School and college food
Schools and colleges, and some nurseries, will continue to provide free meals for eligible students, including those who are at home during term time due to COVID-19.
The guidance on providing school meals during the coronavirus (COVID-19) outbreak outlines how and when children eligible for benefits-related free school meals should be supported at home.
Household Support Fund
Local authorities have local ties and knowledge, making them best placed to identify and help those children and families most in need.
A £500 million Household Support Fund is being run by local authorities. It allows local authorities to directly help the hardest-hit families and individuals with daily needs such as food, clothing and utilities.
Further information on support for vulnerable families over winter is available.
Mental health and wellbeing
Some children and young people may be experiencing feelings of anxiety, stress or low mood as a result of the COVID-19 pandemic.
Support for children and parents
Encourage your child to talk to you or their teacher if they are feeling anxious or stressed.
Online resources to help you support your child with mental health and wellbeing, include:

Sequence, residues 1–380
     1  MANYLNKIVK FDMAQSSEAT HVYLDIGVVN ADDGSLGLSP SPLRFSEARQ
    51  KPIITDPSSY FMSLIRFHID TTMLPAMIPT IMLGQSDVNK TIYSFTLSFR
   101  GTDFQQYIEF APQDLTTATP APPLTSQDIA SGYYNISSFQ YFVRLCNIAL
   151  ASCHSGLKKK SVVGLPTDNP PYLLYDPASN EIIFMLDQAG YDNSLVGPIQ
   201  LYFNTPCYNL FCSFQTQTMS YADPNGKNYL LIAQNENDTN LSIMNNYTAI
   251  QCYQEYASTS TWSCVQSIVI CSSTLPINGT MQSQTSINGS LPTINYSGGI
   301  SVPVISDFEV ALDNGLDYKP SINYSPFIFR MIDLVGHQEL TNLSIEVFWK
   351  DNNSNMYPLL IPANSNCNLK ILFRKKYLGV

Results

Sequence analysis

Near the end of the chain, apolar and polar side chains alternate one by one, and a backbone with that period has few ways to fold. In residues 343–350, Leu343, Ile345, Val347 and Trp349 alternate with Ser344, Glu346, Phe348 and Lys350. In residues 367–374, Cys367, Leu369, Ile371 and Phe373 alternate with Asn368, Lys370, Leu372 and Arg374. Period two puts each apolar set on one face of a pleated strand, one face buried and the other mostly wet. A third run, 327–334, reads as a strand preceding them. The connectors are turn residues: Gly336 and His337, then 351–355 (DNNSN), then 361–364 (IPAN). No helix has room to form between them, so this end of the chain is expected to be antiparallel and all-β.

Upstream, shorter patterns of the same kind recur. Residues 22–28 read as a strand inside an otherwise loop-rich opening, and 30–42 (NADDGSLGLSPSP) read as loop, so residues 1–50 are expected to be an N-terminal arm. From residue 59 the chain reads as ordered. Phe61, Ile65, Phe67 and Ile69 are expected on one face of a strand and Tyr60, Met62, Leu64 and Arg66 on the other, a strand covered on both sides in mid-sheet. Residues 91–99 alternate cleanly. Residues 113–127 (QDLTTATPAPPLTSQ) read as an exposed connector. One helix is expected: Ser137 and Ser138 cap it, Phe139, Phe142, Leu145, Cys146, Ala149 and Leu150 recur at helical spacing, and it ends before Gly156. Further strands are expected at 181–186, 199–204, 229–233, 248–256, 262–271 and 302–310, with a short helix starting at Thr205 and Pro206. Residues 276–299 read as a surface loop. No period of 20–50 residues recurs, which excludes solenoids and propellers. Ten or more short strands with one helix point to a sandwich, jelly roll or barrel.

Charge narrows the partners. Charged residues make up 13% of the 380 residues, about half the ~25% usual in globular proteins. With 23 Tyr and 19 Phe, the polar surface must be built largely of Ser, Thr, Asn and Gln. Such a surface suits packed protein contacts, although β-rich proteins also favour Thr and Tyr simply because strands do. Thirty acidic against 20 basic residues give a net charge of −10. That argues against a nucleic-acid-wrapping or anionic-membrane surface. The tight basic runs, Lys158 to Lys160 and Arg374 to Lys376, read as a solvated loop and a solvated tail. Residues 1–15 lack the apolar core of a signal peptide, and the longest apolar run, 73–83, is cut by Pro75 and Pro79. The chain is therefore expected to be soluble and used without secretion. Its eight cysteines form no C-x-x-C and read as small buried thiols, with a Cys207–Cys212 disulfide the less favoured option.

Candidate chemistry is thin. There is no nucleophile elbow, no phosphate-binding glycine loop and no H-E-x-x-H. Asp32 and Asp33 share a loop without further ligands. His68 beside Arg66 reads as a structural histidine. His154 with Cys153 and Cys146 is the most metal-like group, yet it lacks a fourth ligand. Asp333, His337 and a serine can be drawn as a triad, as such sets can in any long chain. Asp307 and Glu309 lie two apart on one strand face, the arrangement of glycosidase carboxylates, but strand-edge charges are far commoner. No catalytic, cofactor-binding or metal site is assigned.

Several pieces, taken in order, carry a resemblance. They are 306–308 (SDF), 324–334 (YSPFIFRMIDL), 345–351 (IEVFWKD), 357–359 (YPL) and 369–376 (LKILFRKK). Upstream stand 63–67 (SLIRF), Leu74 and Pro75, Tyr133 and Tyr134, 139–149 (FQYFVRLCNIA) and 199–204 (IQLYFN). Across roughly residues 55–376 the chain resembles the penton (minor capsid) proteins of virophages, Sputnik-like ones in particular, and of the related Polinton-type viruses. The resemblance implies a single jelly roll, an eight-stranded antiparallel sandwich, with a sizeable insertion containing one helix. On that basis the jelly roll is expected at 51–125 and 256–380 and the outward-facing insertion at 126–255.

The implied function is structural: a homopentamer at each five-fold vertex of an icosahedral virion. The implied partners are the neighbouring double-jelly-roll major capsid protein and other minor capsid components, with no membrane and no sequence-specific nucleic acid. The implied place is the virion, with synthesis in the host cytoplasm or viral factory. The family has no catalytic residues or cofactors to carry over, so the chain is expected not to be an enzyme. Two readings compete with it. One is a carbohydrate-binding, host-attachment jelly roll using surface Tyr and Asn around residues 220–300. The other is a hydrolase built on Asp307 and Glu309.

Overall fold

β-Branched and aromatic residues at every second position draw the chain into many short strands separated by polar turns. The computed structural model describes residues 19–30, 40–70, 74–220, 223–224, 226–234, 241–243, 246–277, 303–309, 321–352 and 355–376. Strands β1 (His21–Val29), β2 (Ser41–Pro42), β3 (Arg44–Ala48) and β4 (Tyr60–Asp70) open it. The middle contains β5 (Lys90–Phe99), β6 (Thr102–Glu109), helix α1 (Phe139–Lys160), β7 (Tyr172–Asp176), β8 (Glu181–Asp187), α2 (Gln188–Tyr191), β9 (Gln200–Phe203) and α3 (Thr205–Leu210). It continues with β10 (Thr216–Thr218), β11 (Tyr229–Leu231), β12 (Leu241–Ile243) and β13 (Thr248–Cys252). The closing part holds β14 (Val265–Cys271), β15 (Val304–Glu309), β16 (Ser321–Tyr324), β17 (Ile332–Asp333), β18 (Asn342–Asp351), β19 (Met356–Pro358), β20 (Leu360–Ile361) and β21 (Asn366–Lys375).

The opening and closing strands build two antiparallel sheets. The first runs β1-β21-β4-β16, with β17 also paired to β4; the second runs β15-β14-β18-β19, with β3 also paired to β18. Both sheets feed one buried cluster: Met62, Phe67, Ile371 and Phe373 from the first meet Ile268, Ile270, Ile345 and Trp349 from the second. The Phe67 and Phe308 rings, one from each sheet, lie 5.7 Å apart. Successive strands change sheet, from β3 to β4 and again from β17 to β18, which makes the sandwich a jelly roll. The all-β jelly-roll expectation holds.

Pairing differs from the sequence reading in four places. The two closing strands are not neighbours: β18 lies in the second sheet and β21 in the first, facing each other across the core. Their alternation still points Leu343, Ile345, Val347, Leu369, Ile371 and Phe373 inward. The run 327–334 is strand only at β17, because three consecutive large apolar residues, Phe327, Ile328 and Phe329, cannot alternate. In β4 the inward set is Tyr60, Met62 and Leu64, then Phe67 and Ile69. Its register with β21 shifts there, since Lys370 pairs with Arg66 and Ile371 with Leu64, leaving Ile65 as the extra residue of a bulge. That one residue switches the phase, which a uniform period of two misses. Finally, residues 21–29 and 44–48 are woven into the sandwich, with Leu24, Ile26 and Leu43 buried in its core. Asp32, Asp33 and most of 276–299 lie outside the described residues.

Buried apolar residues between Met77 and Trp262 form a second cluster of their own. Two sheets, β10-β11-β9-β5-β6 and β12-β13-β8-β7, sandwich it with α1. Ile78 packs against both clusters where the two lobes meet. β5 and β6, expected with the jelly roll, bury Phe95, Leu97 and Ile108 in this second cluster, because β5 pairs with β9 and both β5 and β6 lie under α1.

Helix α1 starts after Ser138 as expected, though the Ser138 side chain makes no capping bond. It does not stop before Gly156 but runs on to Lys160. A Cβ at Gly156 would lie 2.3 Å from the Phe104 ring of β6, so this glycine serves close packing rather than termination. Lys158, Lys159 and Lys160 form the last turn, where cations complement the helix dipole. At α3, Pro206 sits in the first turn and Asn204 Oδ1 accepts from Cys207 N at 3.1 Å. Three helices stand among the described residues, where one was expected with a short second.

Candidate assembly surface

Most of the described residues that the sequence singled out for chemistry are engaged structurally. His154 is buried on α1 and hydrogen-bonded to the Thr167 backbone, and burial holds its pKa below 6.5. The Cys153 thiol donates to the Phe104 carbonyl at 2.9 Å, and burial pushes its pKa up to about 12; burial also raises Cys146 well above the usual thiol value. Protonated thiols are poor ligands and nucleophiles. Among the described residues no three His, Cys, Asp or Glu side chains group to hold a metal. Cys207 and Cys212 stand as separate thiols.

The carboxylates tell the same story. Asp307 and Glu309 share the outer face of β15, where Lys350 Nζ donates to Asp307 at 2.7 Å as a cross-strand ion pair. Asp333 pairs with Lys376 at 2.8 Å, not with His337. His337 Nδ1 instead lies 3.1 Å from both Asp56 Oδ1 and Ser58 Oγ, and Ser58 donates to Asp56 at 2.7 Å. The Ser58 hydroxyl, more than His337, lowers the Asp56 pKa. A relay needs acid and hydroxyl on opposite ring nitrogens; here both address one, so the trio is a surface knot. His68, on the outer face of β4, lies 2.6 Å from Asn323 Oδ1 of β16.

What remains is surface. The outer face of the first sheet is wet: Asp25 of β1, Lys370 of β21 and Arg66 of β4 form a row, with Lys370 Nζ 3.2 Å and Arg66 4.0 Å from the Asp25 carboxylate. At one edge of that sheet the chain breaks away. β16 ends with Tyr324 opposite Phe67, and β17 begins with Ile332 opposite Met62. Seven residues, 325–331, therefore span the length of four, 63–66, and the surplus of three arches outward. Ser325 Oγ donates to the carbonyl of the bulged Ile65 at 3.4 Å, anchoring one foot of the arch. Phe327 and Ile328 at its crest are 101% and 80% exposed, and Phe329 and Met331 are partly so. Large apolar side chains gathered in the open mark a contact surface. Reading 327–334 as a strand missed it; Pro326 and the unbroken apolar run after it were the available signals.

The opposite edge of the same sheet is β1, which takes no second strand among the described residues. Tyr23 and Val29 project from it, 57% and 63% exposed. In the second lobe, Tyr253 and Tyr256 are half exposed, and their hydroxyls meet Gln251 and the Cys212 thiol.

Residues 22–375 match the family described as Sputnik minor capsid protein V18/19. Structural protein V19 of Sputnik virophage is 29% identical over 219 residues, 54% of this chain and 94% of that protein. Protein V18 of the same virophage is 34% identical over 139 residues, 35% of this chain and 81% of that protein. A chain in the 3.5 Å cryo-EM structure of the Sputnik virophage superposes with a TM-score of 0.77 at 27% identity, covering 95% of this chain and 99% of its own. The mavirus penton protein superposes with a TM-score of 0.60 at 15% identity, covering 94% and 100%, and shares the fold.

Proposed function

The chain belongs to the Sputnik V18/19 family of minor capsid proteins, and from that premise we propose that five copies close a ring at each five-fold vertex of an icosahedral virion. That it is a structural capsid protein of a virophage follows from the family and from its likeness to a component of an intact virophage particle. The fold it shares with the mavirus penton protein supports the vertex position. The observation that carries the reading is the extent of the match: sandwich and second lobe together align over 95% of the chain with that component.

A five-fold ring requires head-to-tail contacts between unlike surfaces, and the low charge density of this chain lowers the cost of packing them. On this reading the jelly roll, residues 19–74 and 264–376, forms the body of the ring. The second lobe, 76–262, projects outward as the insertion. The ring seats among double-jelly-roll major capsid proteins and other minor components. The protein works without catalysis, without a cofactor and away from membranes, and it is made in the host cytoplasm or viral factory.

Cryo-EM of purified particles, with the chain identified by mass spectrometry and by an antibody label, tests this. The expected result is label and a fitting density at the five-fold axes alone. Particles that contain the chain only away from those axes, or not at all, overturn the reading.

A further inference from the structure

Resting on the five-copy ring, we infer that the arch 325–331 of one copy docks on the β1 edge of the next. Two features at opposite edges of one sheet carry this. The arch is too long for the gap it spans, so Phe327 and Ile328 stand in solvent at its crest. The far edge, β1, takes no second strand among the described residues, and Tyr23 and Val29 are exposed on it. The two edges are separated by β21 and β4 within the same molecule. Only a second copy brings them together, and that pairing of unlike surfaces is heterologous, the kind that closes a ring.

- MindEd - a free educational resource on children and young people’s mental health
- Every Mind Matters - an online tool and email journey to support everyone in taking action to look after their mental health and wellbeing
- Bereavement UK and the Childhood Bereavement Network - information and resources to support bereaved pupils, schools and staff
- the DfE blog - includes mental health resources for children, parents, carers and school staff
Advice and guidance for parents and professionals on supporting children and young people’s mental health and wellbeing includes actions you can take to support your child and emphasises the importance of taking 60 minutes of daily physical activity. Youth Sport Trust and Sport England have advice and support on helping children and young people stay physically active.
NHS mental health services remain open and have digital tools to connect with people and provide ongoing support. Please use your local children and young people’s mental health service when needed.
Support for children and young people
Get free, confidential support at any time by:
- texting SHOUT to 85258
- calling Childline on 0800 1111
- calling the Mix on 0808 808 4994
Find help online through:
- Young Minds - information on COVID-19 and mental health
- Think Ninja - a free app for 10 to 18 year olds to help build resilience and stay well
- Every Mind Matters - building resilience and supporting good mental health in young people aged 10 to 16
E-learning which can help parents and carers to support their children and young people in emergency or crisis situations.
Barnardo’s See, Hear, Respond service, provides support to children, young people and their families who are not currently seeing a social worker or other agency, and who are struggling to cope with the emotional impacts of COVID-19. Use the See, Hear, Respond self-referral webpage or Freephone 0800 151 7015.
Report any safeguarding concerns you have about any child. Contact the NSPCC helpline.